The midwives

Afterwards, when
they found you again,
did they use their ointments, spices, cloth
to bandage your wounds?

Hairline scratches
from the halo of thorns;
how did you bear the grass
beneath your feet?

Midwives of the body,
did they wipe your hands with aloe,
wash away three days’ dirt,
pack your side with linen,
swaddle you in cast-off grave clothes,
smother your pain with their song,

you, who were a new creation
born anew from the wound of the earth?


With all of the attention on Thomas on the Second Sunday of Easter, I found myself wondering what it cost Christ to invite fresh exploration of his barely healing wounds, he who would not, would never stop giving of himself; and whether he would let them tend to him once more.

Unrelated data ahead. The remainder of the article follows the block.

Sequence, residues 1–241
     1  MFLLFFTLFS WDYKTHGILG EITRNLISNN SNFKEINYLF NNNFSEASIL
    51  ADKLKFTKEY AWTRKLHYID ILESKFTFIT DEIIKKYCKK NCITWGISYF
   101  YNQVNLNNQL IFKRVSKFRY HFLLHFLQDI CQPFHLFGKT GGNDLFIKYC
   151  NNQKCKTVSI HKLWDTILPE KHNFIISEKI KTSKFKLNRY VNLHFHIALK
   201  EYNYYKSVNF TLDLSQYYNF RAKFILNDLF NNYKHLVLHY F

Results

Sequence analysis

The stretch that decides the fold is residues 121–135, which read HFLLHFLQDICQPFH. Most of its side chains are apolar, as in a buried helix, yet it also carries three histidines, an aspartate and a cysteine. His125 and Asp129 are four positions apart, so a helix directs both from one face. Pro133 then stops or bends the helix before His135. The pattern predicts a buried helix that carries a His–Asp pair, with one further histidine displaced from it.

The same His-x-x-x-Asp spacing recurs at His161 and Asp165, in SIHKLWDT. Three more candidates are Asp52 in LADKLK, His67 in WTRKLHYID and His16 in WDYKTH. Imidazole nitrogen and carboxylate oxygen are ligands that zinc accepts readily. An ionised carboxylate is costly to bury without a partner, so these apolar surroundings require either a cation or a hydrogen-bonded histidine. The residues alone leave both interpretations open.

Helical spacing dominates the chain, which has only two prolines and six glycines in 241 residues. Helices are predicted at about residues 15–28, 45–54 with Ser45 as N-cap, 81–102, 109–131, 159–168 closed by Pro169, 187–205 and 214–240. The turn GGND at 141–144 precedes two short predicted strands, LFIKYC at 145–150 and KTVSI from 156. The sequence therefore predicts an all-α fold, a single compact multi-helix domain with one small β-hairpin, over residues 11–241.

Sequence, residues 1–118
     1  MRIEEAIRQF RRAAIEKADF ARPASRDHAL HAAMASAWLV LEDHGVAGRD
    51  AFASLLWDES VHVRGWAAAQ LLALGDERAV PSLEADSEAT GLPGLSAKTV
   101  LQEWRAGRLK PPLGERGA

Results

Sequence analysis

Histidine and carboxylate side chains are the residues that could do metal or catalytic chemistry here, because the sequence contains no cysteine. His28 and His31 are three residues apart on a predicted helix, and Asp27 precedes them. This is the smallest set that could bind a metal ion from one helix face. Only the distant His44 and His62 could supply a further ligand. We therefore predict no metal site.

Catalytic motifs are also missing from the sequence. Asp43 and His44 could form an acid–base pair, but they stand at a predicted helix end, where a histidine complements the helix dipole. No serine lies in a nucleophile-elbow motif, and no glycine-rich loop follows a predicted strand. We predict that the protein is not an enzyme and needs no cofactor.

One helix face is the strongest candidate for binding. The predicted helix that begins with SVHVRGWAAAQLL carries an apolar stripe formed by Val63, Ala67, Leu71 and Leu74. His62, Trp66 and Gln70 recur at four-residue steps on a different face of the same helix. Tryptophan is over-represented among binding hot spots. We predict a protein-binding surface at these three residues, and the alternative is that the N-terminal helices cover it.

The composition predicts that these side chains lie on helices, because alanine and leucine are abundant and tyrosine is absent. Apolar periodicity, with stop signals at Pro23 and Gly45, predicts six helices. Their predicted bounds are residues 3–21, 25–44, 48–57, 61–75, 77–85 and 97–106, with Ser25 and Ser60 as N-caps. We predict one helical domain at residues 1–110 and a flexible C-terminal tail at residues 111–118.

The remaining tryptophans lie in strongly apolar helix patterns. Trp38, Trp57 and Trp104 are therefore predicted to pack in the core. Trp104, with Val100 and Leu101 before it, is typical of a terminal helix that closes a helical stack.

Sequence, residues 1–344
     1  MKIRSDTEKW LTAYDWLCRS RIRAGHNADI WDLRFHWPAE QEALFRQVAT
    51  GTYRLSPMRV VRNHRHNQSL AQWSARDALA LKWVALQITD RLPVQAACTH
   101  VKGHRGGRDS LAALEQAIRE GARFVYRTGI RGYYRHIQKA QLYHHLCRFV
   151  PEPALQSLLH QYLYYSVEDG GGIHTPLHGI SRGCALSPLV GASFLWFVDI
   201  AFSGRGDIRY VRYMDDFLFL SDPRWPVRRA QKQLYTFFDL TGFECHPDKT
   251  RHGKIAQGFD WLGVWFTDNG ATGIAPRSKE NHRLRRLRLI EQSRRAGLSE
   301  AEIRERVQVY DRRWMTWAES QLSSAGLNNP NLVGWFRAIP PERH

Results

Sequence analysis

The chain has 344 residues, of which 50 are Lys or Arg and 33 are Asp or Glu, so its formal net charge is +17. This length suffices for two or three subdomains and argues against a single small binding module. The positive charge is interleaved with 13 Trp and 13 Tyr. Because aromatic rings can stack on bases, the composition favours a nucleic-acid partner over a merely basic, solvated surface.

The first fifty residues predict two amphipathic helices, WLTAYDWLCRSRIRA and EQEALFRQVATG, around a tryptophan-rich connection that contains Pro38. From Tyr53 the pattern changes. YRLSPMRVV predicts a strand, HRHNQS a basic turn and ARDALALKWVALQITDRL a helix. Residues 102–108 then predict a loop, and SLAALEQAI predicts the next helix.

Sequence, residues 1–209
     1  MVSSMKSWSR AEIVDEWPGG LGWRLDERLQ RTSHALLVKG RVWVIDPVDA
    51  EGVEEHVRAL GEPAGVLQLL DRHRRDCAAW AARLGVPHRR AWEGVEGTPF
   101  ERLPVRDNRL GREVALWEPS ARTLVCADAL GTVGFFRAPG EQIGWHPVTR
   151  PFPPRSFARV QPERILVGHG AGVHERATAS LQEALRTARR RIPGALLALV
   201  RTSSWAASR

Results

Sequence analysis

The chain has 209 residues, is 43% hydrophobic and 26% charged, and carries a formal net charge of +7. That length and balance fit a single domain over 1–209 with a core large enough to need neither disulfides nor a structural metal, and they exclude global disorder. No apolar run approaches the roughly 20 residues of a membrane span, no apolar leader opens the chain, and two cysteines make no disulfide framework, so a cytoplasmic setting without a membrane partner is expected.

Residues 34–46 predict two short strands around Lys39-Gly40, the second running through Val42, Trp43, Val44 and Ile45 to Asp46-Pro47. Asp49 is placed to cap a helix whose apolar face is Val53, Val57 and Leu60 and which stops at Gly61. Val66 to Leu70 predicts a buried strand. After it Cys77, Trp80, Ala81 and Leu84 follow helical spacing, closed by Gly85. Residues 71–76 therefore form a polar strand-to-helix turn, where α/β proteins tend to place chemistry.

Image: Christus toont zijn wonden (1921), Gustave Van de Woestijne, via Wikimedia Commons. Public domain. (Detail)

About Rosalind C Hughes

Rosalind C Hughes is a priest and author living near the shores of Lake Erie. After growing up in England and Wales, and living briefly in Singapore, she is now settled in Ohio. She serves an Episcopal church just outside Cleveland. Rosalind is the author of A Family Like Mine: Biblical Stories of Love, Loss, and Longing (Upper Room Books, 2020). She loves the lake, misses the ocean, and is finally coming to terms with snow.
This entry was posted in Holy Days, poetry, prayer and tagged , , . Bookmark the permalink.

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